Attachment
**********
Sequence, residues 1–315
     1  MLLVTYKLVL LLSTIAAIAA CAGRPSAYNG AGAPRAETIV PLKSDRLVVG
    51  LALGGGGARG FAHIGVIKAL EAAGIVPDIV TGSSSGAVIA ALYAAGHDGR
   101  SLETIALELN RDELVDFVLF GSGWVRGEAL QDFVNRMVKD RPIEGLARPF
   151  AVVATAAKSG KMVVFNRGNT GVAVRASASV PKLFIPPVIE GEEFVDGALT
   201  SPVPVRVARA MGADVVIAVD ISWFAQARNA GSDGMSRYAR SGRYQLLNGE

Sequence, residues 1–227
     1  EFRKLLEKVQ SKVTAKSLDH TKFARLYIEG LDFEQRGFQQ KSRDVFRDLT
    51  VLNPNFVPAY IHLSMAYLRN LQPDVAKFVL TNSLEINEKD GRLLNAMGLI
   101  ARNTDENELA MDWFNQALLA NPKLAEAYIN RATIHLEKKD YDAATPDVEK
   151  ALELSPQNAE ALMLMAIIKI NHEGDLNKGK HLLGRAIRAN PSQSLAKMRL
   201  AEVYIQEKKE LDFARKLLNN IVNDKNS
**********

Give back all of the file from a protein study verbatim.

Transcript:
Sequence, residues 1–315
     1  MLLVTYKLVL LLSTIAAIAA CAGRPSAYNG AGAPRAETIV PLKSDRLVVG
    51  LALGGGGARG FAHIGVIKAL EAAGIVPDIV TGSSSGAVIA ALYAAGHDGR
   101  SLETIALELN RDELVDFVLF GSGWVRGEAL QDFVNRMVKD RPIEGLARPF
   151  AVVATAAKSG KMVVFNRGNT GVAVRASASV PKLFIPPVIE GEEFVDGALT
   201  SPVPVRVARA MGADVVIAVD ISWFAQARNA GSDGMSRYAR SGRYQLLNGE

Sequence, residues 1–227
     1  EFRKLLEKVQ SKVTAKSLDH TKFARLYIEG LDFEQRGFQQ KSRDVFRDLT
    51  VLNPNFVPAY IHLSMAYLRN LQPDVAKFVL TNSLEINEKD GRLLNAMGLI
   101  ARNTDENELA MDWFNQALLA NPKLAEAYIN RATIHLEKKD YDAATPDVEK
   151  ALELSPQNAE ALMLMAIIKI NHEGDLNKGK HLLGRAIRAN PSQSLAKMRL
   201  AEVYIQEKKE LDFARKLLNN IVNDKNS